Great Hike: Bumpass Hell
Until I arrived at the hydrothermal basin at the end of Bumpass Hell Trail I wasn’t sure which path I’d select as my Great Hike. Many were enjoyable but this one had steam plumes, radiant ground colors, bubbling waters, and the smell of sulfur in the air. Add that my best views of Lassen Peak came from along the trail and you’ve got the winner. It was a crowded path on this beautiful Saturday but well worth the 3 mile effort each way.
Lassen impressed me most in the lowlands north and east of the volcano. There’s something very appealing to me about clear glacial lakes, evergreen trees and ground cover of pine needles. “Pristine” is the word that comes to mind. I saw it on my walk around Manzanita Lake. I saw it as I prepared and ate lunch at Summit Lake. I saw it as I hiked to King’s Creek Falls. I saw it along the way to Cold Boiling Lake. If I return then I’ll likely focus more on camping and areas not part of the volcanic activity.
Now I know I’ve spoken too soon as I haven’t yet conquered Lassen Peak! The trail to the top is in the middle of a five year redevelopment project. Only the first 1.3 miles of relatively uninteresting path is open to hikers while the remaining 1.2 miles leading to the top is being worked on. Over two million pounds of rock have been helicoptered up to the summit to be used in developing the new path. Given all this and my relatively limited time I chose to postpone this hike. Brokeoff Mountain also appeals to me as it’s the second highest peak and provides wonderful views of Lassen Peak, I’m told.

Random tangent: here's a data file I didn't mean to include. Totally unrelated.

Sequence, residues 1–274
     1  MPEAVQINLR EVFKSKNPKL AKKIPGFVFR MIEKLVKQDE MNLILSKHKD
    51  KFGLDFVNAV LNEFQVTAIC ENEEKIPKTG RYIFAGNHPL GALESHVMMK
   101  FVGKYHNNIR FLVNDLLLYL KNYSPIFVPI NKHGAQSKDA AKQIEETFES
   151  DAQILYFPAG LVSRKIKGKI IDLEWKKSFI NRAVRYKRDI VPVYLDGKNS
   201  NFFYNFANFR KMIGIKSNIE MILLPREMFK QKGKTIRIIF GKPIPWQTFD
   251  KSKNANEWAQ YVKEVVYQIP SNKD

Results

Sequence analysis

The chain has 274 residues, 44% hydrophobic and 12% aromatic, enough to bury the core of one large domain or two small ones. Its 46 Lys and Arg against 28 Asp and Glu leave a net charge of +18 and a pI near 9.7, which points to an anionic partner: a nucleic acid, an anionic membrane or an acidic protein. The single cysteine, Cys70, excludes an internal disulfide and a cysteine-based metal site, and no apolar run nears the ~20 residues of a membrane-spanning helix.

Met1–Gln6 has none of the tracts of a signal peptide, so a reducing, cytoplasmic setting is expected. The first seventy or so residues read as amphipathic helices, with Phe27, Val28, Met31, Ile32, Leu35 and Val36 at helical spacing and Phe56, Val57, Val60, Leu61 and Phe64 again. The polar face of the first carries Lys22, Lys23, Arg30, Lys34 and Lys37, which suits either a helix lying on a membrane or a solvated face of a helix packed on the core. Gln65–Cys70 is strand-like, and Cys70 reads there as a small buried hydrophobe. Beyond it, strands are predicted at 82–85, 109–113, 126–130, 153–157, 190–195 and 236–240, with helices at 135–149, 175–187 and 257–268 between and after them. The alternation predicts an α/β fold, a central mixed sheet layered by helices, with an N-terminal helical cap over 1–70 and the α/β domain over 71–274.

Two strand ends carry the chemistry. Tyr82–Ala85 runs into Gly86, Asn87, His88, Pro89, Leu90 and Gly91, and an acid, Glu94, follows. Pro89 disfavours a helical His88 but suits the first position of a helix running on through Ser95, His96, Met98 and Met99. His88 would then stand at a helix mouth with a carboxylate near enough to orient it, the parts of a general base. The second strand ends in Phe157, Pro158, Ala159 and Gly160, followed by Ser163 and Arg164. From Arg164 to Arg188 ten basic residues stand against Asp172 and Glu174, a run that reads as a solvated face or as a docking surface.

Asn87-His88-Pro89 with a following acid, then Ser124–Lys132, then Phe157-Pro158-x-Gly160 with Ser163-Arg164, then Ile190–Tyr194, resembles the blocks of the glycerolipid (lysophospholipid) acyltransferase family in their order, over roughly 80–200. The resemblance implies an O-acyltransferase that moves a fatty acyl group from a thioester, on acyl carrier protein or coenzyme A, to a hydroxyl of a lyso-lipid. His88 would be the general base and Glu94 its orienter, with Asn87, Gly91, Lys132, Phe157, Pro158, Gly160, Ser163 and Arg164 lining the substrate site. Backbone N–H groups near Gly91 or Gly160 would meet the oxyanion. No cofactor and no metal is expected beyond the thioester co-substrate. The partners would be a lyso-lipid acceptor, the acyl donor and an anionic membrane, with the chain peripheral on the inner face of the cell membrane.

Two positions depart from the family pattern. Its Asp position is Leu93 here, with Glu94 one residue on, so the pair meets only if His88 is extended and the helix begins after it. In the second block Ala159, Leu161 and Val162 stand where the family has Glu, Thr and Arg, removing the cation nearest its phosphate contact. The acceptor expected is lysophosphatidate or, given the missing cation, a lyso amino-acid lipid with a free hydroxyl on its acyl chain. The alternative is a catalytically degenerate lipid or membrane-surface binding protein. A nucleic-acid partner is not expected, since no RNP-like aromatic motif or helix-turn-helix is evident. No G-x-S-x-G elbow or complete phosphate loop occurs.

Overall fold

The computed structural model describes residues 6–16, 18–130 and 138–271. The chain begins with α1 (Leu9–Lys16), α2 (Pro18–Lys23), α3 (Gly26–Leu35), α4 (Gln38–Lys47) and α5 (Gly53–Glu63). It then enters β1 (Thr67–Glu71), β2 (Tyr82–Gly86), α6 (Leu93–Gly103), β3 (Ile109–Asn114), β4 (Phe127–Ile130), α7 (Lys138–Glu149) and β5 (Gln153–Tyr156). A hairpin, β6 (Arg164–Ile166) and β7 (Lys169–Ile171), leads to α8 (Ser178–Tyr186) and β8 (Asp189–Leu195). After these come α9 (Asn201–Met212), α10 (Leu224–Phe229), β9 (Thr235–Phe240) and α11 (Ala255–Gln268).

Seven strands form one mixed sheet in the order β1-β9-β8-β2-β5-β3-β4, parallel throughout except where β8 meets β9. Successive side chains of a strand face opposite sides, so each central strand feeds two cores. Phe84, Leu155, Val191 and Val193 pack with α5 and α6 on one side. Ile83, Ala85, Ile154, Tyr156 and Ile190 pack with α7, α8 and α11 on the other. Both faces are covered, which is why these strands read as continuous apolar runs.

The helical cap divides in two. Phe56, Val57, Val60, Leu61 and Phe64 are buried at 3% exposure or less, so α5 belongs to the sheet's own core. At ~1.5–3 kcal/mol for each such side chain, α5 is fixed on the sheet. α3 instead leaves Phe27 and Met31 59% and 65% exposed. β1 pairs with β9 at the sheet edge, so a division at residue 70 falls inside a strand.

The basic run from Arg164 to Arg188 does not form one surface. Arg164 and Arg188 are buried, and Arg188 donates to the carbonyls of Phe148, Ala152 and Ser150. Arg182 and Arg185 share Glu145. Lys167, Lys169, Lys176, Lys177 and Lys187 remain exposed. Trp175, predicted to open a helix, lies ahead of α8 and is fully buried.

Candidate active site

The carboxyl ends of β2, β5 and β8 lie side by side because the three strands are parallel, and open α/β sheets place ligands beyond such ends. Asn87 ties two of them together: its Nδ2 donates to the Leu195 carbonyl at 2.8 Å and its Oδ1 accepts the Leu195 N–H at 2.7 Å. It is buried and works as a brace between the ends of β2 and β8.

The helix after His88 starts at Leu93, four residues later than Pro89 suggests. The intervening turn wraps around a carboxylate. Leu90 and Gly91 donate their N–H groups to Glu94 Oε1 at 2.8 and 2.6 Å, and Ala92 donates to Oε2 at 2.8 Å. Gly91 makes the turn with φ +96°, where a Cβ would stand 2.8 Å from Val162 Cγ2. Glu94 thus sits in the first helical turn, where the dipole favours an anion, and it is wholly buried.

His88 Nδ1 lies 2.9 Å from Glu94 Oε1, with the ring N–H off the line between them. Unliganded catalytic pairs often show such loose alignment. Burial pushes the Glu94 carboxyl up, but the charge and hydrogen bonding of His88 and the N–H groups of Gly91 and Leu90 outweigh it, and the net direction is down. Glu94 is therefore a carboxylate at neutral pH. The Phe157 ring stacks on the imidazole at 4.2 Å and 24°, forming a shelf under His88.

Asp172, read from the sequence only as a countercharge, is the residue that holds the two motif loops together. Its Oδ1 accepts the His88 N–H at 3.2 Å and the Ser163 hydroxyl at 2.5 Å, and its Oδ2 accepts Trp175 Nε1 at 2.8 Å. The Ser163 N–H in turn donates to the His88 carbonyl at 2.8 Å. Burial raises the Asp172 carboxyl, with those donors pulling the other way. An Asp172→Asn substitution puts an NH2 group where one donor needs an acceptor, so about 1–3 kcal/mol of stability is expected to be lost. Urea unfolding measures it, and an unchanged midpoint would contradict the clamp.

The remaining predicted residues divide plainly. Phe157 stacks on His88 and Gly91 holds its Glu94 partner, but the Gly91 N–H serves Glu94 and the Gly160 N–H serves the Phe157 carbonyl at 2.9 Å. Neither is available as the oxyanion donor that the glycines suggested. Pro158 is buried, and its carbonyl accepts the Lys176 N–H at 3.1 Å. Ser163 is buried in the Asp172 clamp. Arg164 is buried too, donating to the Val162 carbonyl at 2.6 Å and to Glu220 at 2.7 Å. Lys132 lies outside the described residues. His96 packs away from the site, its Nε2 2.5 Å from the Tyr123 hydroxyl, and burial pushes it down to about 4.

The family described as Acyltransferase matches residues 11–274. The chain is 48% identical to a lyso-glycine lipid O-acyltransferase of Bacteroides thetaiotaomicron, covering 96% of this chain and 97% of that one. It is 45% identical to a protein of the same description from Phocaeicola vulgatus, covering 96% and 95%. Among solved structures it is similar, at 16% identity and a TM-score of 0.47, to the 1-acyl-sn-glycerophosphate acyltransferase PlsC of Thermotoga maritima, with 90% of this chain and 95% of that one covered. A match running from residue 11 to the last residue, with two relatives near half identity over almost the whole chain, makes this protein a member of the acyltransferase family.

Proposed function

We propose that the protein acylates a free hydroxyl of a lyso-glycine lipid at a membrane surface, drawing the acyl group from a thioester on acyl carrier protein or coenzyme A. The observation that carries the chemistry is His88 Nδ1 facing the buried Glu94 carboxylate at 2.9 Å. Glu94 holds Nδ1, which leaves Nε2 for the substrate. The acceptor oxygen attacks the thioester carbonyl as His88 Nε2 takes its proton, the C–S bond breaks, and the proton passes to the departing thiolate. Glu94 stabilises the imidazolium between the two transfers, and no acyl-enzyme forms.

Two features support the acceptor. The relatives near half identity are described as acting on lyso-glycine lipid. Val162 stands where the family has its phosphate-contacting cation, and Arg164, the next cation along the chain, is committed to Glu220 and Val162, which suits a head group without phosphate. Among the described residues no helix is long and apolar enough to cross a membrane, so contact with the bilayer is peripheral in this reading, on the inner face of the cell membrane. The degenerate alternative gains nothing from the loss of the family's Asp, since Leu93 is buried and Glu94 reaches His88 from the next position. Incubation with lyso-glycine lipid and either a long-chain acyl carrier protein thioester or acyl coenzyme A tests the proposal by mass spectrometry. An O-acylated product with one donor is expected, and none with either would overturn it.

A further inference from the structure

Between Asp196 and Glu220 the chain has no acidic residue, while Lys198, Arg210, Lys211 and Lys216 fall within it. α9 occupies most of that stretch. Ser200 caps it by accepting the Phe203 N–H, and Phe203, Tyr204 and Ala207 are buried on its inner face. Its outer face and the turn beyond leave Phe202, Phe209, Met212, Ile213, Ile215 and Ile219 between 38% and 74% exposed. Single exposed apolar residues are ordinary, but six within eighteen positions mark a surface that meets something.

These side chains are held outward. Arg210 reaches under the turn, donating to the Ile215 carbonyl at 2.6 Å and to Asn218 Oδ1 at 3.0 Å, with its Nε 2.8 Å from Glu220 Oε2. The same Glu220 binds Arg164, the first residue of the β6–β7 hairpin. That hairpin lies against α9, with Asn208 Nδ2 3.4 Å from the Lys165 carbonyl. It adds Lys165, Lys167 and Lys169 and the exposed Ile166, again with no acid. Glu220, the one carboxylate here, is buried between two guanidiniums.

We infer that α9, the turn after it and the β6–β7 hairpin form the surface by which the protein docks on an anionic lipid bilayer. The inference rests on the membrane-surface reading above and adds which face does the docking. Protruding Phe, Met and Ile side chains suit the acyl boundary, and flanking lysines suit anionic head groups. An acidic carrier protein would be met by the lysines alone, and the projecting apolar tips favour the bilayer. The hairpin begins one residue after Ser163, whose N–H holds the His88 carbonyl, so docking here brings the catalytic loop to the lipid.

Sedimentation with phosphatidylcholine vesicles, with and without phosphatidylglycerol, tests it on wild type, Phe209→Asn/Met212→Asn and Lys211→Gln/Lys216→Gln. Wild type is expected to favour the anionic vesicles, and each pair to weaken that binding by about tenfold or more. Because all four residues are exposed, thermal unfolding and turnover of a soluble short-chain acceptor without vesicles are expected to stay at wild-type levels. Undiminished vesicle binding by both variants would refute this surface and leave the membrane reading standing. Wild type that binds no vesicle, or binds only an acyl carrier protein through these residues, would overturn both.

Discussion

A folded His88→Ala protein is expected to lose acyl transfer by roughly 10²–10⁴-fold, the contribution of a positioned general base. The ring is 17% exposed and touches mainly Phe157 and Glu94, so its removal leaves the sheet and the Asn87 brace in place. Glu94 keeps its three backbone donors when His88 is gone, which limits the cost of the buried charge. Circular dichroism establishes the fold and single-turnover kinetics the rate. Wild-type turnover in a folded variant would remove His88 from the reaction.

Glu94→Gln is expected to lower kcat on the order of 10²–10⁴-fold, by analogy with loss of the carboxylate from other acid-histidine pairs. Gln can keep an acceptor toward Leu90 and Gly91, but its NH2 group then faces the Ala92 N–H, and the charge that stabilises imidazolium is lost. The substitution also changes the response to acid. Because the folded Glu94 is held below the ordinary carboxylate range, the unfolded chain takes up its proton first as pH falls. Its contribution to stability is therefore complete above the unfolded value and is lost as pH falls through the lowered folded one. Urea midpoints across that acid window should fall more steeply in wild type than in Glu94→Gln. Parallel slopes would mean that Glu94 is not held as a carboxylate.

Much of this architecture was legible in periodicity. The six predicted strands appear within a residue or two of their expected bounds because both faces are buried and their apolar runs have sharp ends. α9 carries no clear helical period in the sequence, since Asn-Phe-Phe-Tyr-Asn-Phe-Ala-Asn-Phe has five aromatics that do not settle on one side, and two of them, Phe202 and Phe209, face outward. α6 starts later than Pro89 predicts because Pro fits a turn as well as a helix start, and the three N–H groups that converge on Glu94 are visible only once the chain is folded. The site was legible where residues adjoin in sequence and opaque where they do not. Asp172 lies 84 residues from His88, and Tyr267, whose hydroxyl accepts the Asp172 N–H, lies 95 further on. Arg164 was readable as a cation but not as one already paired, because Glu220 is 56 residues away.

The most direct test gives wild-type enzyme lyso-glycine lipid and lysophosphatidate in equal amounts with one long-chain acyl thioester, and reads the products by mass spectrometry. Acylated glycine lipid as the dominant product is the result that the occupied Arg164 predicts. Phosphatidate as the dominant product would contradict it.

The park’s main road takes you through some great country. However, unlike most National Parks, Lassen has several unconnected sections. In the northeast is Cinder Cone with it’s extensive lava beds. In the southeast are two entrances which lead to many a pristine river and lake and, no doubt, some enjoyable camping.by